The original pattern is a great basic t-shirt faux wrap top pattern that can be used to beef up your wardrobe. Or you can use it as a basis to create an inspiration top like the one I just made. Following this practice can greatly reduce the number of pattern you purchase, and you will increase the usability of the patterns you already own.

Side note: My skirt was made using Vogue 8727 the slim skirt of View A, shortened and a band added to the bottom. My skirt was fully lined and a band attached to the bottom so no seaming is exposed.

 Happy Sewing!

Thursday, December 27, 2012

Lovely Blogger Award

Big Thanks to Lori and L for the Lovely Blogger award.  These two "Lovely" creative bloggers gave me an award!

The rules of the award are as follows:

  • Thank the person who nominated you
  • Add The One Lovely Blog Award/The Very Inspiring Blogger Award to your post
  • Share 7 things about yourself
  • Pass the award on to 10 nominees
  • Include this set of rules
  • Inform your nominees by posting a comment on their blogs

Seven Things About Me:  honestly, I think my blog tells quite a bit about me.  But I tell seven things anyway.

  • This year I turned 50 and am very happy to be above ground.
  • I'm the 2012-13 Fashion Show Chairperson  for the Haute Couture Club of Chicago.  I didn't think I was qualified because I'm inexperienced in this area.  We will see how it goes. Wink, wink.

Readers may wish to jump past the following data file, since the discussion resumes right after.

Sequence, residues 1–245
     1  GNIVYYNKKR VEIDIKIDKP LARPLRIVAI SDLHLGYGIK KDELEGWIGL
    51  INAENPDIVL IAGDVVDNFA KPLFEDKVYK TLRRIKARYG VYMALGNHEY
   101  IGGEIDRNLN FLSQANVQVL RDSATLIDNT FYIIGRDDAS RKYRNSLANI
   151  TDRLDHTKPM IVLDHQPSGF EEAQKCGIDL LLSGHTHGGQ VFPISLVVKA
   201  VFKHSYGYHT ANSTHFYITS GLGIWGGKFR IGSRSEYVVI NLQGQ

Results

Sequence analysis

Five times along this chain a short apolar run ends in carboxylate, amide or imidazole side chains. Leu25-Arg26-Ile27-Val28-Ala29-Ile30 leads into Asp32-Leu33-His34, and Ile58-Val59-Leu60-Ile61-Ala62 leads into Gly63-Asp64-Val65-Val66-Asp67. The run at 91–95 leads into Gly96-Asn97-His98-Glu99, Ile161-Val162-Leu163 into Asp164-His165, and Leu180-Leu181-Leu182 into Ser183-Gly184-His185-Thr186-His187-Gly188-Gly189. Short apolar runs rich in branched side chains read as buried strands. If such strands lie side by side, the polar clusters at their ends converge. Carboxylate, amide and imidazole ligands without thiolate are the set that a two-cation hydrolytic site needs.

• Two years ago, I was diagnosed with scoliosis.  I always wondered why I had prominent shoulder blades and a swayed back.
  • I'm kind of nerdy.  I love science.  As a kid, I was also one of the first people to volunteer for the science fair.  
  • I'm a daddy's girl.  My dad passed in 2006 and I miss him. He was my confidant and devoted adviser. 
  • I'm a foodie.  I love trying different cuisine and watching the food network.
  • I'm seriously thinking about retiring in the next five years.  Hopefully, I can do more teaching  and sewing.
  • You can count on me to cry during sad or happy scenes in movies.

Now the hard part, nominating ten creative souls.

  • 1 - The super generous and acutely talented Rhonda Buss.  The is one phonenmenal creative woman.  Rhonda's "online design school" is priceless.  It has inspired me to experiment with patter drafting.  Every week she features a free pattern and showcases fellow creative souls.  Rhonda is a gem.
  • 2 - Allison C.  I absolutely love the things this woman makes.  Very polished and pristine.
  • 3 - You can count on Faye Lewis to inspire the sewing ladies to join a sew along.  It sparks creativity and encourages others to try something new.
  • 4  & 5 - Andrea and Sheila.  These two ladies are my friends.  We can talk for hours on the phone about, you know, sewing.  To top that they are expert knitters.  Boy do I wish they lived in my town.
  • 6  -  Bunny is another sewing expert who give free online lessons.  She meticulously shares how to details in sewing.